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I recently had the privilege of joining a chef, some dieticians and leaders in agriculture for a day of touring different livestock farms, hosted by the Alliance for the Future in Agriculture (A-FAN). We had a beautiful fall day to enjoy the outdoor weather with a little Nebraska wind to keep us cool.

My role in this group was to share the feedlot piece of the puzzle in food production. It is nice to see for yourself how animals are housed and cared for but due to time constraints the group could only visit so many places in one day. I had video footage of different activities we do on our feedlot so I put together a few clips that I thought would most interesting to them so we could watch it between farm stops.

On our beef stop everyone could see a cow/calf herd and ask questions about raising calves. This farm also had soybean harvest underway so questions were also asked about raising corn and soybeans. This farm, as well as the others we visited, discussed the benefits of livestock in providing organic material-manure-for fertilizer which met much approval from the group.

As we journeyed from that farm to the hog farm, I talked to the group using the DVD about finishing cattle in the feedlot. The questions were friendly and sincere. I found that until you have to explain a ration, bunk reading, pen walking, doctoring and processing you just don’t realize how easy it is to misunderstand how cattle are cared for.

There was concern about the hormones we implant our cattle with. The perception for many people is that we are out here putting cattle on steroids like you would an athlete and that it all ends up in the meat and on your table. The fact is, the hormone implant goes under the skin in the ear where it is slowly released over several months of time. The hormone level in the meat could be compared to a blade of grass in a football field-very hard to even find. The group also seemed to appreciate the extra measures we take for extreme heat and cold to provide more comfort as cattle don’t laugh and cry but they do seek comfort from the extremes.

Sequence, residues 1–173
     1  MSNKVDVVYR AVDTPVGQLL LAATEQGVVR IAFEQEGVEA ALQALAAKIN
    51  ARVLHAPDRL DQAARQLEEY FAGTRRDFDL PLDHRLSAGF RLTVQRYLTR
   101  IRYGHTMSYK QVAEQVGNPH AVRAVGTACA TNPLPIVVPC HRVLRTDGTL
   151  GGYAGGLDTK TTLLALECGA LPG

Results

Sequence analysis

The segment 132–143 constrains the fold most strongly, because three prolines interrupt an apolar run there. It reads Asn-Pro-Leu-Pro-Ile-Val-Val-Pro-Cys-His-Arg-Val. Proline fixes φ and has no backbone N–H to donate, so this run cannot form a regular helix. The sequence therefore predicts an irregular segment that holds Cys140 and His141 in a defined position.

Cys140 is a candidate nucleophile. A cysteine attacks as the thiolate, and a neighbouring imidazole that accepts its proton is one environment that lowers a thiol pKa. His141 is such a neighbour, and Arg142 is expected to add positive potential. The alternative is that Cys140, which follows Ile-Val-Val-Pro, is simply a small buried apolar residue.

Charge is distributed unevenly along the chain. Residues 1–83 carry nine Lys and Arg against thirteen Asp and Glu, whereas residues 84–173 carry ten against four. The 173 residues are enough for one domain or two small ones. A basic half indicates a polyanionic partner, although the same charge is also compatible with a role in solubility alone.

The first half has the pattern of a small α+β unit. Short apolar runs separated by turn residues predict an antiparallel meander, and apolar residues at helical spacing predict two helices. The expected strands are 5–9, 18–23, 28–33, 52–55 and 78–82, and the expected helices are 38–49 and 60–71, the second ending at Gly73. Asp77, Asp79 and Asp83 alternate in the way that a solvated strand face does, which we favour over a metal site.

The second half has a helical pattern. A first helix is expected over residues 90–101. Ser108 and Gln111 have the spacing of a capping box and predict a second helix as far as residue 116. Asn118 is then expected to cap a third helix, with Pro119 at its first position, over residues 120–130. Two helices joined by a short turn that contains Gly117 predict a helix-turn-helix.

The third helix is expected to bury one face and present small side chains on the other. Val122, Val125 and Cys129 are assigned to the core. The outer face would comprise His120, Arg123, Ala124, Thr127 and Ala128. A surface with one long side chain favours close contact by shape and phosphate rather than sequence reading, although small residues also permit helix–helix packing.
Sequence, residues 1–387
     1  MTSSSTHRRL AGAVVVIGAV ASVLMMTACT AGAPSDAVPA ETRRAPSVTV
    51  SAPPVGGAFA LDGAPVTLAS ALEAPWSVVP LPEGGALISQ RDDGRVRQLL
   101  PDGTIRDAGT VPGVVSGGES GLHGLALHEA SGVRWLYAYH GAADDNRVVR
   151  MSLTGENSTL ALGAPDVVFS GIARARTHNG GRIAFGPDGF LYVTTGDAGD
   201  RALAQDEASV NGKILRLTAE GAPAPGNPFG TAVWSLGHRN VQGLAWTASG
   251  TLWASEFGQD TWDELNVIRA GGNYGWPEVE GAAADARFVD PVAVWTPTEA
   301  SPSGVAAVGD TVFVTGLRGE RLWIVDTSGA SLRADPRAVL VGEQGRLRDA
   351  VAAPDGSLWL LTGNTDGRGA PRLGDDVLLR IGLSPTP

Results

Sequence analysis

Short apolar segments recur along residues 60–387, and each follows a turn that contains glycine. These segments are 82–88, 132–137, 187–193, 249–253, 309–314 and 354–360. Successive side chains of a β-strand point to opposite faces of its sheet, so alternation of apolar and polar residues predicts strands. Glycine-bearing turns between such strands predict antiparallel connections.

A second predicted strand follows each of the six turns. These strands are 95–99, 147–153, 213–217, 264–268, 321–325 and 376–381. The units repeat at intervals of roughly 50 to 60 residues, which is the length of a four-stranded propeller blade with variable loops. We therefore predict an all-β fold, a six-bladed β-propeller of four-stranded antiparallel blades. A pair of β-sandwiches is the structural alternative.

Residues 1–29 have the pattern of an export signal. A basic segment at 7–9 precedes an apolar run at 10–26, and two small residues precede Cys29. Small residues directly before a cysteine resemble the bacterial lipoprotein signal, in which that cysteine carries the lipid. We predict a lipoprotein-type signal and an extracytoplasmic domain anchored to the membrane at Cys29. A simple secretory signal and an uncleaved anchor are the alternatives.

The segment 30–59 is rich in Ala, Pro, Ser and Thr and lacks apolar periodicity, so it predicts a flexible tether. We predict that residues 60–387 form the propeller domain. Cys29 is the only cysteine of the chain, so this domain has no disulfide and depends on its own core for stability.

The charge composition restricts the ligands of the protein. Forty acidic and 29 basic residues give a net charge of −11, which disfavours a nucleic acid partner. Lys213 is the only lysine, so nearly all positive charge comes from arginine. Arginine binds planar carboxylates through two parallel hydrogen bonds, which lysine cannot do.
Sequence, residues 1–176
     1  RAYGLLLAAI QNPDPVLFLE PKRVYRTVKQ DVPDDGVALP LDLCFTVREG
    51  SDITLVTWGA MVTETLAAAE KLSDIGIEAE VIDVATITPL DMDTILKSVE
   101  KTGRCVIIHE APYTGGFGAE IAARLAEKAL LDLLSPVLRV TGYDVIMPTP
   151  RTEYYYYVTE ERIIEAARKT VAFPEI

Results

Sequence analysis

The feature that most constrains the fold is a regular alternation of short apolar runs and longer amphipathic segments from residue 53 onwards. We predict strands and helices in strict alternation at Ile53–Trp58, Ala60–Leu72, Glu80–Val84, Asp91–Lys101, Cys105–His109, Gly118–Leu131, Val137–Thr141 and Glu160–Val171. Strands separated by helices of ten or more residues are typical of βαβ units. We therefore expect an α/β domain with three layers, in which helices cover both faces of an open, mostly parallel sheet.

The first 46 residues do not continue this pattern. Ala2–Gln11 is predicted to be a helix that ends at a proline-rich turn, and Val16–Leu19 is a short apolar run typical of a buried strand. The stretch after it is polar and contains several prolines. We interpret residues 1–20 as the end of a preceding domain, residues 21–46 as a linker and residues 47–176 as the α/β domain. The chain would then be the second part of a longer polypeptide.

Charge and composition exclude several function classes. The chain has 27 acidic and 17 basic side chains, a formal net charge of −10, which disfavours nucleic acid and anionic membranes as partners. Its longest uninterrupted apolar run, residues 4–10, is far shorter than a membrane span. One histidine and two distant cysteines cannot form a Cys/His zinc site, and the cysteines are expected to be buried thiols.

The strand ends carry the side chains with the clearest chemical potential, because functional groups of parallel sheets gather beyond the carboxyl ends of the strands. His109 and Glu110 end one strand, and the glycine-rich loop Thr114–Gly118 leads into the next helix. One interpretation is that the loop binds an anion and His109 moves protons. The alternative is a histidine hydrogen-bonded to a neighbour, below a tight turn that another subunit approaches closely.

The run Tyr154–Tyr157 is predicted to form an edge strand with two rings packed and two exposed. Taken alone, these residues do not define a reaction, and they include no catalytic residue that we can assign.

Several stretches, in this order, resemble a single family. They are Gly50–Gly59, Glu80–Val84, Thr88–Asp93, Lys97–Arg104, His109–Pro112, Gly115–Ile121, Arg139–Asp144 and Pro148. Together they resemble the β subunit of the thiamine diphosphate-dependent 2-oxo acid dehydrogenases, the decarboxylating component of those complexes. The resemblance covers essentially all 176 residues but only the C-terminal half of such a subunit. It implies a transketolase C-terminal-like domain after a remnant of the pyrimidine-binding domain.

We were very fortunate to visit small and large farms with top management skills. While many people refer to larger farms as “factory farms” we could easily see how well-cared for the animals were at the large hog and dairy farms we visited. The concern for food safety and animal welfare was well addressed by all of the producers and veterinarians involved with the tour.

This was a great opportunity for dialogue between those of us raising food and those helping the consumer make food choices.





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